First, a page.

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Autumn 2002 | Volume 25, Number 4 | My Response
Investment in Diversity: Putting Our Gifts to Work in Retirement
By Gary Ames

A LITTLE OVER TWO YEARS AGO, what my wife, Barbara, and I had dreamed about finally happened! We could “retire,” whatever that meant. There it was, staring us in the face, no longer a far-off event.

Retirement was a time to reflect on what mattered most. What had we truly accomplished? Had we made a difference?

It was also a time to ask, “Now what?” Now that we have more free time and more resources, how do we spend the rest of our lives? Can we leverage the lessons we’ve learned to make a difference?

The lessons of the last three decades — both in my work as a corporate executive and in our family life — came down to people. The successes were about people. The rewards were about people. The memories and lasting impacts were all people-related.

We also knew that the richness of diversity had significantly enhanced those successes, rewards and memories.

When Barb and I moved to London in 1995 so I could head MediaOne International, it was my job to oversee 13 ventures in 16 countries. At the time, things were not working well. The company was losing a lot of money each year. So I set about finding a team of highly talented people with different ways of approaching a problem. Eventually our boardroom looked very different than most American boardrooms. We had managers from five countries, both men and women, and a mix of ethnicities.

Staff meetings were also very different. None of us thought the same way, so we argued a lot — but the result was a rich group process with mutual respect and a great deal of success as the businesses turned around dramatically.

That is just one example of the power in diversity we have observed. It has been the same in Barb’s and my personal experiences. There is a richness in our lives because we have sought out relationships with people different from us.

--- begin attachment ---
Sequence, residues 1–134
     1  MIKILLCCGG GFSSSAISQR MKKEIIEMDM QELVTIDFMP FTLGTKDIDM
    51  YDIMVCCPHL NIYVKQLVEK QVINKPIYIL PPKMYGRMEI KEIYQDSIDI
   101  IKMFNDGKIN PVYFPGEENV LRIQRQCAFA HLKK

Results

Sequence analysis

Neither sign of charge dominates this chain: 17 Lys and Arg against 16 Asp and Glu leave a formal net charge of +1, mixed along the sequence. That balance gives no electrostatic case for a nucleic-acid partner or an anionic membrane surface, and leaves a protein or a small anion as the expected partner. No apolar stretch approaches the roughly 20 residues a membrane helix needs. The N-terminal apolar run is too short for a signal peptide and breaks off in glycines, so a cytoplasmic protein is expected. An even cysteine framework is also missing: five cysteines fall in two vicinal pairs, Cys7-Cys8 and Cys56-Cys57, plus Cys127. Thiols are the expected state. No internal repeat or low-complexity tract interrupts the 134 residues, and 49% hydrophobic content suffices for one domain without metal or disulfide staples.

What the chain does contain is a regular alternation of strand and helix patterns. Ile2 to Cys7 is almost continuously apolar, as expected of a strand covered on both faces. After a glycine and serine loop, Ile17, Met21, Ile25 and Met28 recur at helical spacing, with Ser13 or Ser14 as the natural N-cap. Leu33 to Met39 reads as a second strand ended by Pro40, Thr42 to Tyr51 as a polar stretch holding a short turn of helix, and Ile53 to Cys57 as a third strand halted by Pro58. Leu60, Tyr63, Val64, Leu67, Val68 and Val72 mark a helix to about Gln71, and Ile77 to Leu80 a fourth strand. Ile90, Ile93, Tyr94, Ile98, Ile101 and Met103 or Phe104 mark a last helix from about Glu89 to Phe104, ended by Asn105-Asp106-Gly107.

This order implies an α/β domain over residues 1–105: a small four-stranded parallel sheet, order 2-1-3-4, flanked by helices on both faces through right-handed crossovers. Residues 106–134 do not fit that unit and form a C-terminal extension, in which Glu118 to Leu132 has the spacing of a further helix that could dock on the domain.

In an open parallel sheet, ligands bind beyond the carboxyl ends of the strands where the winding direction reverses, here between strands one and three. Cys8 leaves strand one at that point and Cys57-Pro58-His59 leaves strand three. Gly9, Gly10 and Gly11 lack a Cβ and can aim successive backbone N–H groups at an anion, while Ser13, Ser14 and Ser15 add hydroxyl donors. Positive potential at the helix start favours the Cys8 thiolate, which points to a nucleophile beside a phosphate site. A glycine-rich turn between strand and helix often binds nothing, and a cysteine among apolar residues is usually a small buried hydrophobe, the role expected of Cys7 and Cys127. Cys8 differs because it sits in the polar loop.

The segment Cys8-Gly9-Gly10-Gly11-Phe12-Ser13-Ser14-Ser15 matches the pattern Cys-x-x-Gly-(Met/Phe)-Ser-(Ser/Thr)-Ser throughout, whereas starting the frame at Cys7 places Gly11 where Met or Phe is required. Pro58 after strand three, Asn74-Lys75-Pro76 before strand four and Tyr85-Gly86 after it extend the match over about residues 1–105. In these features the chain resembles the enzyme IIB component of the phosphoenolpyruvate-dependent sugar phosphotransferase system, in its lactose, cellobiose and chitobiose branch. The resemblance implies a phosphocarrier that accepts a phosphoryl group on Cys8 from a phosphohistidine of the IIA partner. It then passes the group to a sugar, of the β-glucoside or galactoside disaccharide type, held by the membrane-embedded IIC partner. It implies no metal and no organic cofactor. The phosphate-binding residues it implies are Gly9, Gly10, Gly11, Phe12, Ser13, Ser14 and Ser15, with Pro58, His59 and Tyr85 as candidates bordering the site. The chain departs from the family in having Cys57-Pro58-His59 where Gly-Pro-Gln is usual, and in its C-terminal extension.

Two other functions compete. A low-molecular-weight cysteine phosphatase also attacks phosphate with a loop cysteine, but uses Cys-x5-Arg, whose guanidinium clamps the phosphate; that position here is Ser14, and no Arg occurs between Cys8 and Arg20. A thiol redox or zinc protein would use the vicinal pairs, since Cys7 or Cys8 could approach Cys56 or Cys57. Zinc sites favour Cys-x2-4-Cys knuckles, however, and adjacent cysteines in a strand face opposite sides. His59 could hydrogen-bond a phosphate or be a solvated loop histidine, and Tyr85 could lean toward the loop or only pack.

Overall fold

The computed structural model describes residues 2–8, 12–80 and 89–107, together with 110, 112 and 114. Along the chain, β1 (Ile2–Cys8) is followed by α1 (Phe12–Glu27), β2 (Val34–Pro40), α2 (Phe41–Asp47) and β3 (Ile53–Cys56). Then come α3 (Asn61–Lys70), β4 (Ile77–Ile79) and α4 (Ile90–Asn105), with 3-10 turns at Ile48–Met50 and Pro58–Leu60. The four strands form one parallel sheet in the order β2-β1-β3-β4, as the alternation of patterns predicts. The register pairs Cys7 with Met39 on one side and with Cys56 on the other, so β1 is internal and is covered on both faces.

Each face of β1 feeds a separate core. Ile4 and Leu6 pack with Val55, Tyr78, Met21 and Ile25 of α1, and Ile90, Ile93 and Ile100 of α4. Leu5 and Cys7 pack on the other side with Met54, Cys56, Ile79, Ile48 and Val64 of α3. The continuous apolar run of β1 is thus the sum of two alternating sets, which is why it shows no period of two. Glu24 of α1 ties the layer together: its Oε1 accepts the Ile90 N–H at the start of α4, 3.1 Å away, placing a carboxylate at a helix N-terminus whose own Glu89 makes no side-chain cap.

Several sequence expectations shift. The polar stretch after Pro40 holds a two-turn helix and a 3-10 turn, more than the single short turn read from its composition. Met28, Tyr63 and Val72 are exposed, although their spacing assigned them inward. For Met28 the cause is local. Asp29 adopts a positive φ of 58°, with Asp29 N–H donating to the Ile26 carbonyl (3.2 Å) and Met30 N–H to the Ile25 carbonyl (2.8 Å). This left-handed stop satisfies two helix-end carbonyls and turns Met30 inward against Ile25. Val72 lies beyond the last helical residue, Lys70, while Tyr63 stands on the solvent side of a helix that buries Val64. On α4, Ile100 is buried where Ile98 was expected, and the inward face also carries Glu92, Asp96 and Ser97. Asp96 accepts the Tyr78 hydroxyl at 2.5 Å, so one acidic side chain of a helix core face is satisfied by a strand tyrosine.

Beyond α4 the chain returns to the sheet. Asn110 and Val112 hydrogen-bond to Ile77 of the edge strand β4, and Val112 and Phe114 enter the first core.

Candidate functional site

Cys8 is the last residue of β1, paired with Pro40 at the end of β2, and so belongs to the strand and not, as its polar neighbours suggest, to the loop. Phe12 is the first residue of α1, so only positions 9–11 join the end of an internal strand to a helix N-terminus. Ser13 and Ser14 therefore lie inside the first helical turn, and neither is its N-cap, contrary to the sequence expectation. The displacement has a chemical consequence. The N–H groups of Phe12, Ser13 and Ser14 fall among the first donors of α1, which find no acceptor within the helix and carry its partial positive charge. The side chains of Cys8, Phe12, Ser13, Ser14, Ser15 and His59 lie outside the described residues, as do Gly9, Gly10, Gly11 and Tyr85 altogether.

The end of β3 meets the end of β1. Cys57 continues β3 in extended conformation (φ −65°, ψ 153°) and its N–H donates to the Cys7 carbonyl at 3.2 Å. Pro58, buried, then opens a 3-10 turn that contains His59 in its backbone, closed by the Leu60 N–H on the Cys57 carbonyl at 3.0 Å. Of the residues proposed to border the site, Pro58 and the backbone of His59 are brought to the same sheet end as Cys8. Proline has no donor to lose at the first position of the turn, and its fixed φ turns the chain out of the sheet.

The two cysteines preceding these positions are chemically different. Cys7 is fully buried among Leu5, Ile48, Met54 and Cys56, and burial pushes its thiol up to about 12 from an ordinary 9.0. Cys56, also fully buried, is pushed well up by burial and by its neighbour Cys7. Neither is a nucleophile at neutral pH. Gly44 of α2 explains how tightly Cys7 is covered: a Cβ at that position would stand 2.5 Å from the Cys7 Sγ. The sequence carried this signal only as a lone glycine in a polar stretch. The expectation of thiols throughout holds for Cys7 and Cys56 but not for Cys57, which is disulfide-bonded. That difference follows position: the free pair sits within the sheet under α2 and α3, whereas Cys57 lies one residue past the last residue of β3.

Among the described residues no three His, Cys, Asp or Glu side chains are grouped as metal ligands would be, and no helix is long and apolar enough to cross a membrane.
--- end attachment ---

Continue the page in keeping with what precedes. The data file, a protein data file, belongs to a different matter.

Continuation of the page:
When MediaOne was sold, we retired and decided to make our home in Seattle. One thing that struck us when we moved to Seattle was that the city was going through significant race-relations problems. We asked ourselves: How can we be part of the solution to this problem? What unique strategies can we use? How can we line up those strategies with our Christian orientation?

Because we feel strongly that lack of money makes it difficult for minority students to get a quality education in America, it made sense to invest in those students. We gave first to our alma mater, Portland State University, establishing minority scholarships there, but then we turned to Seattle Pacific University as a way of supporting students in our home community of Seattle.

We found Seattle Pacific a natural place to invest because of its vision for engaging the culture, because it is a quality Christian university — and because it has a diversity problem. For SPU to be relevant in the Seattle community, it can’t be 90 percent white. That’s an incredibly difficult problem to solve, but the University seems to be committed to working on the issue. We felt our resources could help. Today, 13 minority students at SPU are the recipients of Ames Scholarships. I don’t think the resources Barb and I have been given are really ours; we’re just stewards of them. There’s a series of resources that God gives us as people, including talents, experiences, time and money — with money probably being the least important.

I don’t think God put me on earth just to be CEO of a telecommunications company; I think he wants me to put my gifts to work for the benefit of people.

We’ve decided to concentrate the next phase of our lives on investing in our community. We look for places, like Seattle Pacific, where people want to address similar issues, where we can nurture an idea, and where we can involve others to increase the impact of our resources.

Barb and I are just starting this journey. The easy part is giving the Lord’s money. The more difficult task is leveraging it with the ideas, risk-taking and dreams of many people. That will be exciting!

The former president and CEO of US West Communications, Gary Ames took over as CEO of MediaOne International in 1995. In retirement, he and his wife, Barbara, started the Ames Family Foundation, which has funded The Ames Initiative on Diversity at SPU. The Initiative includes, among other things, scholarships, faculty mentoring and vocational guidance for minority students. Gary Ames is also one of two new members on the SPU Board of Trustees.

Photo: Gary and Barbara Ames (second and fourth from left) with three of the first Ames Minority Scholarship recipients (from left): Mara Cardenas, Charisse Everett and Kathryn Chantal Tyler

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